Out all day yesterday working on a new project, I came home to an empty house so for once had my choice of TV channels. Cracking a beer and switching to Sky F1, the Porsche Supercup highlights programme from Barcelona was about to begin. It was hard to escape the ghost of Sean Edwards.
Sky’s coverage of Supercup is pretty good. Shame it’s not available live, as Ben Edwards commentates and knows his stuff. Still, Supercup is fun to watch anytime and the opening round of the 2014 season laid down a great marker for the new boys.
“A lot of the quick guys from last year are no longer racing,” said Kuba Giermaziak, who had shown useful speed in 2013. “There are some quick guys coming through, and of course Christian Engelhart and Klaus Bachler are quick so we’ll have to see.”
Qualifying was super close, with Philip Eng beating rookie Earl Bamber to pole by just 18 thousandths of a second. As the grid lined up on race day, Bamber’s second place grid slot had been dried by the sun, while Eng’s pole position was still damp from overnight rain. That was all Bamber needed. His start was noticeably quicker than Eng’s and he led a tight battle into turn 1 and over the first couple of laps, eventually finishing five seconds ahead.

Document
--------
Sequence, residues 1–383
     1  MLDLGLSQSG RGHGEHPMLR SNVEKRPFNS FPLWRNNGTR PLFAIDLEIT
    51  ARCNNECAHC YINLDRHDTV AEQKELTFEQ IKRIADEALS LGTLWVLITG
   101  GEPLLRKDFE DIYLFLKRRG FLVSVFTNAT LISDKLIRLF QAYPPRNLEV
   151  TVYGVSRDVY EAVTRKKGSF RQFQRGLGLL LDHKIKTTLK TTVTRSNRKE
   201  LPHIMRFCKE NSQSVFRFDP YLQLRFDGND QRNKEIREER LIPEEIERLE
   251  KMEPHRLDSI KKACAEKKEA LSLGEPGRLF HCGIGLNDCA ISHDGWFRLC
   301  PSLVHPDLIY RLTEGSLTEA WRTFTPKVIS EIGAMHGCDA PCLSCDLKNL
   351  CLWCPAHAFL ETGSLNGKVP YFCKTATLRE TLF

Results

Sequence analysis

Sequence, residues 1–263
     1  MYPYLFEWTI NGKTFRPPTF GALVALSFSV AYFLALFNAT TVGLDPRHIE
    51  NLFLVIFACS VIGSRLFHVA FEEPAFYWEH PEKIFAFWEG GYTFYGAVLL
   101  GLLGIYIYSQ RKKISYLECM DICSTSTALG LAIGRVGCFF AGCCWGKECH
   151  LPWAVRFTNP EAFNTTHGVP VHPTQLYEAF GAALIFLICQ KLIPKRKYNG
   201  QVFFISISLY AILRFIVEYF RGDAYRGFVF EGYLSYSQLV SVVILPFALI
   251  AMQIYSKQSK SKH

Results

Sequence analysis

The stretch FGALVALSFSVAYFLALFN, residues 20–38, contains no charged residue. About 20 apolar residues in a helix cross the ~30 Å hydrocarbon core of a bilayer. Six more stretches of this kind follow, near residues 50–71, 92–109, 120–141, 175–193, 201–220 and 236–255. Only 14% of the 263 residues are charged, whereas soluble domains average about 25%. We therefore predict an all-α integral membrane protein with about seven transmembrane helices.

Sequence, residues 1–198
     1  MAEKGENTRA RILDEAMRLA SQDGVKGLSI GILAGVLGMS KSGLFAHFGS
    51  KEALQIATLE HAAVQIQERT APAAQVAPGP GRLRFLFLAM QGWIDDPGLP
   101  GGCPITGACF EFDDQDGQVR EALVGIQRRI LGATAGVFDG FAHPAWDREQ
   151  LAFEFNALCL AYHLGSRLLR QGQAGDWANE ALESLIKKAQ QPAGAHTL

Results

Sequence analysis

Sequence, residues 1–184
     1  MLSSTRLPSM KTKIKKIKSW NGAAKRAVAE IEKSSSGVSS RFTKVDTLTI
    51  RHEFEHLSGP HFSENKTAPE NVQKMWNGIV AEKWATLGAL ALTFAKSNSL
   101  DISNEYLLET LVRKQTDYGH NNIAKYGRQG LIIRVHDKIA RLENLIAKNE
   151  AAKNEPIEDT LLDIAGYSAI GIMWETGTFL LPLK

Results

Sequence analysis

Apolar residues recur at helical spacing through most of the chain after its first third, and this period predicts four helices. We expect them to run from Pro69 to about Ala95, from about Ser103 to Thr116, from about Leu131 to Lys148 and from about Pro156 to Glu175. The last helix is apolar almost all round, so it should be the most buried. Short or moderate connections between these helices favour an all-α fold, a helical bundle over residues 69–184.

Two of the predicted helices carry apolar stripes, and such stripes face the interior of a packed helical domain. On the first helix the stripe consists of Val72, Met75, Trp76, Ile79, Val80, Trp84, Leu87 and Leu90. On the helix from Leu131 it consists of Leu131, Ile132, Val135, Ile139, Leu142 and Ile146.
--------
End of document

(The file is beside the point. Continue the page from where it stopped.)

Down the field, the Porsche factory juniors were doing some damage. Bachler’s 2014 campaign started in dubious fashion when an incident early on brought a time penalty that dropped him to twelfth after the finish. Riberas did well, finishing sixth after Bachler dropped back. Sven Muller managed P10 despite a tap, and Conor de Philippi also had a tap, ending up behind his rookie junior team mate.
The racing looked good and Bamber is quick: a real force to be reckoned with. Philip Eng has always been fast in a Porsche, so a season-long ding-dong between these two would be welcome, with Ben Barker and Christian Engelhart hard on their tails. Engelhart and Bachler have the Konrad Porsches this year, with Bamber driving for Fach Auto Tech.
Next round is Monaco, where the Supercup has often been dreadfully processional. One saving grace in the last few years was the late Sean Edwards’ smoothness on his home circuit. Sean was missed in Barcelona: Monte Carlo will be worse. Here’s an official Porsche AG video, shared after Sean’s death while instructing on a track day last year.